In German most countries are, as in English, just called by their names, such as Deutschland, Frankreich, and Belgien; but some country names require the definite article, just as in English: the United States or the Netherlands. The rules for whether a country name requires a definite article or not are not always the same as their English equivalents, however, and have a specific feminine or masculine gender too:
Für mich war es schon ein Erfolg damals mit in die Türkei ins Trainingslager zu kommen.
For me, it was already a success to come to training camp in Turkey at the time.
Caption 17, Fußball - Spielerportrait Lars StindlPlay Caption
To "come to training camp in the Turkey" would certainly convey a different meaning than intended, but in German, the country Turkey requires the feminine definite article: die Türkei. Some other countries with the feminine definite article are: die Mongolei, die Schweiz, die Slowakei, and die Ukraine. Furthermore:
Es gibt maskuline Länder, zum Beispiel „der Iran".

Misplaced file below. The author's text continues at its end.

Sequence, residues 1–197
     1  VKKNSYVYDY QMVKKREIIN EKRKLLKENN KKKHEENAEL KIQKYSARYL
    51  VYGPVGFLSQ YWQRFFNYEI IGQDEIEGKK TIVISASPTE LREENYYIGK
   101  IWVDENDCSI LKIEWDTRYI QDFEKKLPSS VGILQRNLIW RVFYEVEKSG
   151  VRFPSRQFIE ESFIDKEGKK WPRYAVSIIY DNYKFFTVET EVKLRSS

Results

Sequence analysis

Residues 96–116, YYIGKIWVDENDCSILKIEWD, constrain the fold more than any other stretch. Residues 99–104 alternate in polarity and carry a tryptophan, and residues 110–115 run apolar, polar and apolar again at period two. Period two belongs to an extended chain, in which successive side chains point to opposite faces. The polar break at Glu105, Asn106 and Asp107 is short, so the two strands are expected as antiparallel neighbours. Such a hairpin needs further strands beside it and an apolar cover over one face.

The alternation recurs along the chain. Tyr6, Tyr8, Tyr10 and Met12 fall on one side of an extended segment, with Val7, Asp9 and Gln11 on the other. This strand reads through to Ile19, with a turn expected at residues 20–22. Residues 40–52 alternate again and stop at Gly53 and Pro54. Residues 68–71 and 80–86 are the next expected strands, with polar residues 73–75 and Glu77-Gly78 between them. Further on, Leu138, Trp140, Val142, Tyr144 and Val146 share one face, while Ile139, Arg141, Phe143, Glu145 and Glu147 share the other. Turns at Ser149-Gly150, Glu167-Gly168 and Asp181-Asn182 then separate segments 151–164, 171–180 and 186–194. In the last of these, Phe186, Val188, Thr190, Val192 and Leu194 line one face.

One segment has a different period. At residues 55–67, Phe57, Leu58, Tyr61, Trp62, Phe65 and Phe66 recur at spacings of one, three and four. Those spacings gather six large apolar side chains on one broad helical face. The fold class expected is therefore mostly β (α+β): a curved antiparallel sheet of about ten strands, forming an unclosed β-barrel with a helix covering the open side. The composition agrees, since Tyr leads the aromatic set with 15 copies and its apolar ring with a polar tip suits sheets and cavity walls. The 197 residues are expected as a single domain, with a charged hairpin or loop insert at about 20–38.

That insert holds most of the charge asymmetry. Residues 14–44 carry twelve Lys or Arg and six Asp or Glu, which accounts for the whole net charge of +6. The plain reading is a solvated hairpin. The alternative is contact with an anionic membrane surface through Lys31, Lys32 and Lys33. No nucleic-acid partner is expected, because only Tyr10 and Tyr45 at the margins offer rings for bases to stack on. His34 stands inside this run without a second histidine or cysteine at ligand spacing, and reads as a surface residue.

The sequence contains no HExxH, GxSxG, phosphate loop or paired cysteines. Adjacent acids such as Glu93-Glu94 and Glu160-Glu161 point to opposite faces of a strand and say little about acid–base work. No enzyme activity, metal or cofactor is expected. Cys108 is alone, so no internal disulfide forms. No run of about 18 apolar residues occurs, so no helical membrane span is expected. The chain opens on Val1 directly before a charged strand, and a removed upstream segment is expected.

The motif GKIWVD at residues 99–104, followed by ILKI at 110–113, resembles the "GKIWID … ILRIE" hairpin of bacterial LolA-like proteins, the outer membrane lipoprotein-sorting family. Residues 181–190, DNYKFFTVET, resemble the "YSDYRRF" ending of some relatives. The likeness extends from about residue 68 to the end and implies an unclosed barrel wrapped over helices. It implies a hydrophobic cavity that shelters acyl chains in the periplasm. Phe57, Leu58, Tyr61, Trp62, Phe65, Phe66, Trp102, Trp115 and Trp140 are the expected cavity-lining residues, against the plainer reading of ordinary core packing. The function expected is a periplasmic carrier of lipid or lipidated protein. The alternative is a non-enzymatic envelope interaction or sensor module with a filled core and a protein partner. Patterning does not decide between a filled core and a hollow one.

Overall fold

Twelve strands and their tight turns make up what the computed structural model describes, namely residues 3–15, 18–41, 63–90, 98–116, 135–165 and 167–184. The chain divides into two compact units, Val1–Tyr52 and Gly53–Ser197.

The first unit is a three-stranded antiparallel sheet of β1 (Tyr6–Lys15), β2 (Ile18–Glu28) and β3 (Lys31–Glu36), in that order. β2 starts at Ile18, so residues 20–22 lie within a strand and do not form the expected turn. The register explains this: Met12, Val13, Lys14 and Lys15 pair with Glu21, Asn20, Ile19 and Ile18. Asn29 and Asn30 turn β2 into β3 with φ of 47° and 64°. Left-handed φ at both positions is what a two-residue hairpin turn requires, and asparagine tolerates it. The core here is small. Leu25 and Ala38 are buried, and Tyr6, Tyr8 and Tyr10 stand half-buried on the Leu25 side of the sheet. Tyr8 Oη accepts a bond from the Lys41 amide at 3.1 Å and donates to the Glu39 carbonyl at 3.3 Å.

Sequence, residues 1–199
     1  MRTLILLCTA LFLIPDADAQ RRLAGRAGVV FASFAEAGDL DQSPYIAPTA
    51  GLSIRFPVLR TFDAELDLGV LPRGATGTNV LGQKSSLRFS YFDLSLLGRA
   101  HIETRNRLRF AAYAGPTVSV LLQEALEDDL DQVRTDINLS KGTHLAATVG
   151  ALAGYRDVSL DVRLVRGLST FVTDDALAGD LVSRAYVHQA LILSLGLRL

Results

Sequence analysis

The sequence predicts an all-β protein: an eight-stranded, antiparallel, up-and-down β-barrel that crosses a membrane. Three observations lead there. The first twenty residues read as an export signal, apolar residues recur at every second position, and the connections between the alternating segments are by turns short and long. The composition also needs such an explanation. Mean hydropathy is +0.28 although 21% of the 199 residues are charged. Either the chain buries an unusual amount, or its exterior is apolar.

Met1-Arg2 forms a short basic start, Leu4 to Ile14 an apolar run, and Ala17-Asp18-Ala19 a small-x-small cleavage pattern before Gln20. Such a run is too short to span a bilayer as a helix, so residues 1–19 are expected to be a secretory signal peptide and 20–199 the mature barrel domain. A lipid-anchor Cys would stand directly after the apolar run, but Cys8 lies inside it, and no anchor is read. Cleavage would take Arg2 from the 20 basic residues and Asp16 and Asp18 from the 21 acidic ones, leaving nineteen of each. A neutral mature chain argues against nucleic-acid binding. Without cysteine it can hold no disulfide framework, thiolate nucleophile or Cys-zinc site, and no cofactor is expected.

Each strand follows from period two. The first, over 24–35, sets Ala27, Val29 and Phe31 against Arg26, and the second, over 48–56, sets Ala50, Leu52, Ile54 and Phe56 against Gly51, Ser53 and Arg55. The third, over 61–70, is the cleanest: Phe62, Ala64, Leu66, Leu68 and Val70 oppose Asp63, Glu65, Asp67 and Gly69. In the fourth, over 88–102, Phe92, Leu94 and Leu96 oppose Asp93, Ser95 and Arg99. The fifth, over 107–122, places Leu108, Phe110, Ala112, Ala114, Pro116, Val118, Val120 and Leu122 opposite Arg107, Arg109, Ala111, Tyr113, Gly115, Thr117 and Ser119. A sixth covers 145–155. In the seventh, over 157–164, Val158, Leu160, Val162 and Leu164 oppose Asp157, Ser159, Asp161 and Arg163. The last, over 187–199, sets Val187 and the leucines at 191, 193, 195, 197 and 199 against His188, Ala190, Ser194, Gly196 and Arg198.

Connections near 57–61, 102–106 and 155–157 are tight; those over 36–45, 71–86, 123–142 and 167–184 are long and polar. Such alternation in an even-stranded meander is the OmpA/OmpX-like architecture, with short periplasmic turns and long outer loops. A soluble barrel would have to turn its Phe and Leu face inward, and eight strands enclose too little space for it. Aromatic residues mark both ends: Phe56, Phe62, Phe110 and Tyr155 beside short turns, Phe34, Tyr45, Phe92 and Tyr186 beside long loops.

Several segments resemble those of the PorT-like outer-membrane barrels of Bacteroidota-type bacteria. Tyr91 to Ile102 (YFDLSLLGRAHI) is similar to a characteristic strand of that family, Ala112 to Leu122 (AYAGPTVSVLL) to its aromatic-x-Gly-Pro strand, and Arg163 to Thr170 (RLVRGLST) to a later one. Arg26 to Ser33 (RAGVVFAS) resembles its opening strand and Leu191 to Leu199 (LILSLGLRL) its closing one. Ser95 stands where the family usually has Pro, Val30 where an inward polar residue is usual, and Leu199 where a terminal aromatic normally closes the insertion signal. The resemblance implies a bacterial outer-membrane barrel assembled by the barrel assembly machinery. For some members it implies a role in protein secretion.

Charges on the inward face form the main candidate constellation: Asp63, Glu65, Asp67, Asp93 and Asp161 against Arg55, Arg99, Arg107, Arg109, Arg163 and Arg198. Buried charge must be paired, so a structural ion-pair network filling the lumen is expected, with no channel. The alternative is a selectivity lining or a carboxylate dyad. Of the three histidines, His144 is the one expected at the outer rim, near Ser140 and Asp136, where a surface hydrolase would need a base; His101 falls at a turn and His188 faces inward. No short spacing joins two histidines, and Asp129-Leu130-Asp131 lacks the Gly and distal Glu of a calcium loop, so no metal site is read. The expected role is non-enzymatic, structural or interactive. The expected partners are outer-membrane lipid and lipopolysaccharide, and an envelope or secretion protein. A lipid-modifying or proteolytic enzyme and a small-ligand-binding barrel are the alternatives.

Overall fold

There are masculine countries, for example "the Iran."
Caption 64, Deutschkurs in Tübingen - PräpositionenPlay Caption
Obviously "the" is used before "Iran" in the English translation only to emphasize the use of the definite article. Some other countries requiring the masculine definite article are: der Irak, der Jemen, der Kongo, der Libanon, der Sudan, and der Tschad. The only countries that require the neuter definite article are those that use the word "Kingdom" in their name such as das Vereinigte Königreich (the United Kingdom), but this is clear in the grammar, since das Königreich is a neuter noun.
Last but not least come the countries that require the plural definite article:
Frankreich war weitaus rückständiger als die Vereinigten Staaten.
France was much more backward than the United States.
Caption 45, Malerei - ImpressionistinnenPlay Caption
In most cases, the countries that use plural definite articles are the same as those that do so in English: die Bahamas, die Niederlande, die Philippinen, die Salomonen, and die Seychellen.
A quick word of warning regarding the use of definite articles and country names: If a country with a non-plural definite article is preceded by an adjective, then the definite article is referring to the neuter noun das Land (the country, the nation) and always requires the neuter definite article. Even countries that do not require the definite article in normal usage get the neuter article das if they are being described preceded by an adjective. This is actually easier in practice than theory: Das schöne Frankreich, das teure Norwegen, das warme Brasilien.
Browse through Yabla videos and find some country names being used in context and in different cases like dative, accusative, and genitive. For an interesting in-depth article on the topic, see the ever-fascinating Zwiebelfisch-ABC series from Der Spiegel.